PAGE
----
- And lastly there is a wonderful heroine in Katniss Everdeen a hero I think worthy of sitting on the same shelf as Luke Skywalker, Connor MacLeod, the X-Men and the Z Fighters to use as examples I personally love.

Katniss is also someone who is very driven, determined but also someone who thinks things through and consistently assess each situation around her, she's not someone I think who shoots first and asks questions later she only kills when she has to and when she does she doesn't brush it off like other heroes do it stays in her mind and haunts her over the course of the series.

She's also someone who can be uneasy to like at times but again over the course of the series she earns the deep respect of both her friends and her enemies much like some political leaders do in our own world.

And lastly she is also a ground breaker for heroic female characters in film and I firmly feel now that the final film is now out for viewers to go and see that we live in a post Katniss world where the choice of gender in heroes can be safely made to be a woman if the filmmakers so desire as the groundwork has been laid, groundwork that George Miller then ran over at full speed with his Furiosa character in Mad Max Fury Road.

But yet with all of those strong positives why hasn't this series gotten more respect, the kind that the original Star Wars movies or the early Indiana Jones movies or the Back to the Future series got when they were released?

Sadly the reasons I feel are 2:

- The first is that we effectively live in the age of the fanboy and not just in the sense that those are the principal ticket buyers but also those are the people (Mr Kevin Feige would be one of them I feel) that are now helping to make these movies.

And traditionally those people that have embraced that geek culture (I like to believe that that has changed somewhat in the last few years) have normally been skinny, geeky looking and not that good at playing sport in other words not the kind of people who normally get the girls racing to their stead or indeed paying any kind of boyfriend/girlfriend attention in high school.

And now like I mentioned above those people are helping to make those films and I can't help but see that that sort of juvenile attitude towards girls and women (again I like to believe that this changes as people grow older) has become more and more reflected in the Superhero movies (how many times have we seen a demand for more female heroes in these films) and maybe it's that or maybe it's a reflection of the books not really having many female heroes or maybe it could be a little bit of both or indeed neither of those things.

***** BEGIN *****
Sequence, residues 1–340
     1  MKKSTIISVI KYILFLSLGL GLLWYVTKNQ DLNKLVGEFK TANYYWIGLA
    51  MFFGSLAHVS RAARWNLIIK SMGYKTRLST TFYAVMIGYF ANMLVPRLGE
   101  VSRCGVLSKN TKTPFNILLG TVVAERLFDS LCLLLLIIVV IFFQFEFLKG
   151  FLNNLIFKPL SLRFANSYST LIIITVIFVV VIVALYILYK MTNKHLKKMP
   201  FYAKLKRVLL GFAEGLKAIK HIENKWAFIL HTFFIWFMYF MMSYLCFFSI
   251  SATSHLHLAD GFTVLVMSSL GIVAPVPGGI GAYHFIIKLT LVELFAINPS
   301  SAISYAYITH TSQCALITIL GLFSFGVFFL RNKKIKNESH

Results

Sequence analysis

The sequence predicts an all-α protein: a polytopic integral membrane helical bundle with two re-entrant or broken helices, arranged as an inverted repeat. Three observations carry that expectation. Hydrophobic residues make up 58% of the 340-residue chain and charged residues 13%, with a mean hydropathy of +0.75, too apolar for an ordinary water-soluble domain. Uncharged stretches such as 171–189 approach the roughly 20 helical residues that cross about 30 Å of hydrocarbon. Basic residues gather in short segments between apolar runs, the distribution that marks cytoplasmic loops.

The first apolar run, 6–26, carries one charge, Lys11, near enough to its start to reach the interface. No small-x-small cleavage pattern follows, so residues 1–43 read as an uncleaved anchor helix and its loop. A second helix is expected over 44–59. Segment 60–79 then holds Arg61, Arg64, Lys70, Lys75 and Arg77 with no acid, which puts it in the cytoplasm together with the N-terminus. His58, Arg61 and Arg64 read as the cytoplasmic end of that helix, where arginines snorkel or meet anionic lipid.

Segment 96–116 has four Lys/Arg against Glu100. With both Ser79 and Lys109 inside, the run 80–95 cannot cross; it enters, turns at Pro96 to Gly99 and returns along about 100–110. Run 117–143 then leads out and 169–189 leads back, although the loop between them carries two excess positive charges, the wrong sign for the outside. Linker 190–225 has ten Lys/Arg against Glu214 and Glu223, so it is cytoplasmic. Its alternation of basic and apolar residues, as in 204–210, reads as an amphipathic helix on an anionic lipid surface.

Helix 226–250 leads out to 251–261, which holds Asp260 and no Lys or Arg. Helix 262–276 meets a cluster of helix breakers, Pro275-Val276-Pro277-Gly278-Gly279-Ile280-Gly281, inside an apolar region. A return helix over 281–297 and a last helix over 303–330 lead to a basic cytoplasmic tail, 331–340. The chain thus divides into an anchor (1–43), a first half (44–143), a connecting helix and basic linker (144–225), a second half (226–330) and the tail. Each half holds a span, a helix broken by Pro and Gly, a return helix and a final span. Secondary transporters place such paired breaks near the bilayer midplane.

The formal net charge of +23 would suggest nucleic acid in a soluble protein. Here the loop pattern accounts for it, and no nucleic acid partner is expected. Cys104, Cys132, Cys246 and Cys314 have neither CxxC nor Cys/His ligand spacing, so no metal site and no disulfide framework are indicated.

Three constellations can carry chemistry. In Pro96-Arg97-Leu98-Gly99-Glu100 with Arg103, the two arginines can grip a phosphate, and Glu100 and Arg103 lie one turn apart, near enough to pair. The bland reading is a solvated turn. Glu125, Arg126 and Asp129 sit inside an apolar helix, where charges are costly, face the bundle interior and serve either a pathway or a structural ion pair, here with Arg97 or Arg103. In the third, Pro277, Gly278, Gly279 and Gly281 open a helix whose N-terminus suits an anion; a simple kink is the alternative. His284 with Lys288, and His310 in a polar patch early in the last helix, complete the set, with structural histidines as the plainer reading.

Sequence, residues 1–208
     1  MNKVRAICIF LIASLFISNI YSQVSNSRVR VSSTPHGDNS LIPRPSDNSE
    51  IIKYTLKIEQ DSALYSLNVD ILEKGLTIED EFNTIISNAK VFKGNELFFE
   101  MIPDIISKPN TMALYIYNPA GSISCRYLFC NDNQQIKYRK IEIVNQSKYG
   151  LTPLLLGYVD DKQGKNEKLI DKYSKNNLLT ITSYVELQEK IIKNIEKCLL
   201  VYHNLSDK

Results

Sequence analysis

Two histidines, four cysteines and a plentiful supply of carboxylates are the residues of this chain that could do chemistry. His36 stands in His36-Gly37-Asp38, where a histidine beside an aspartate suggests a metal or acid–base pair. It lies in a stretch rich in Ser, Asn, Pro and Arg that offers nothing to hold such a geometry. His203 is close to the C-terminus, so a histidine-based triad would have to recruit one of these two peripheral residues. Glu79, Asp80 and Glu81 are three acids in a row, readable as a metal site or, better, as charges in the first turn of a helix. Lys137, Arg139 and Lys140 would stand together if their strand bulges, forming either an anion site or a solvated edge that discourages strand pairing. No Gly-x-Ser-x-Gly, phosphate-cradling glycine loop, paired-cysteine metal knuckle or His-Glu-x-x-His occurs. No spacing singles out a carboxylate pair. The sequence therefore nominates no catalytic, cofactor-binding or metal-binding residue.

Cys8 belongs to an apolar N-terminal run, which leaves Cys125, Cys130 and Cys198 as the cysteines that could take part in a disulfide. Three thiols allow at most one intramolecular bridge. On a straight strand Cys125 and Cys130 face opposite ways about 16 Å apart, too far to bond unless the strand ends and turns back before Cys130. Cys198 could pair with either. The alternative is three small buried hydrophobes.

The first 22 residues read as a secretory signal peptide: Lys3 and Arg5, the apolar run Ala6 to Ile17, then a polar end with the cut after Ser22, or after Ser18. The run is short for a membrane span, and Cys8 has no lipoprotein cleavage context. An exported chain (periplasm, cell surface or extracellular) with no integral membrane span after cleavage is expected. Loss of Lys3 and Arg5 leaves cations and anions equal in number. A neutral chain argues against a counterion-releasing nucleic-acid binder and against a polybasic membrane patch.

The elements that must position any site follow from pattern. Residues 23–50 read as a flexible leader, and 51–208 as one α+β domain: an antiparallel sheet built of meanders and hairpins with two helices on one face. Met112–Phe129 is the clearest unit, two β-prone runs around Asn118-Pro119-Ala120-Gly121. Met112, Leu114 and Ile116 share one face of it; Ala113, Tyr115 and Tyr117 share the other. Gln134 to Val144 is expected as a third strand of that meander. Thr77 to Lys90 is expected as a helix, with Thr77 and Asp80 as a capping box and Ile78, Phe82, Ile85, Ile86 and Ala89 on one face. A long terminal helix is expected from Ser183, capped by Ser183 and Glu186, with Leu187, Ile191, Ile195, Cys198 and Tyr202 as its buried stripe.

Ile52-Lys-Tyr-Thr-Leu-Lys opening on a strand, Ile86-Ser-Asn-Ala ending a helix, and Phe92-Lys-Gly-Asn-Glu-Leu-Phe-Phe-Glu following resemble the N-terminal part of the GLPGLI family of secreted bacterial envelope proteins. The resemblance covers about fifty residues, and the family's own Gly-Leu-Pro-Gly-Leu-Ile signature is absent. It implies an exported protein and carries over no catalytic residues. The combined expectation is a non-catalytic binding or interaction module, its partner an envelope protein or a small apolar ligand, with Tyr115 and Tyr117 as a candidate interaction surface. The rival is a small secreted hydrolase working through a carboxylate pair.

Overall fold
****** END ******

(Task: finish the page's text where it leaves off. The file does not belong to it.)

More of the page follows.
At that same time though female heroes have been a rarity in those sort of films, James Cameron was one of the exceptions with his Sarah Connor character in his 2 Terminator films as well as how he used Ripley in Aliens and Marion from Raiders of the Lost Ark was great and the new Star Wars films under Kathleen Kennedy's leadership of Lucasfilm are promising to make the brand more appealing to women which has rarely been the case over the years.

- And the second is that the more this series trusted its darker storytelling instincts along the river the more I feel the movie going audience has walked away (the very contentious split of the third book into 2 films could also have done this.)

In a way I feel like we're back in the 80s to a certain degree in that the majority of the big movies are inherently happy movies, they have a very soft feel to them, are very light and humorous in tone as well as being sort of fantastical.

The first 2 Hunger Games films had that fantastical tone as well as building towards the dark wartime ending of the last third and it's no surprise to me that those were the most successful of the series as it let the audience have its cake story wise and eat it too much like the Winter Soldier did.

And for me personally I have just gotten to the point where I'm like "I'm an Adult now and I want those sort of films which are more darker in tone as well as the happy stuff" and I suppose it's why Mockingjay Part 2 mainly because for at least 8 to 10 weeks straight I had to put up with nothing but soft happy movies like Pan, Oddball (I thought that films run would never end), Pixels, the Martian (which I really loved BTW), the Walk and Blinky Bill (which I also enjoyed) to name as examples.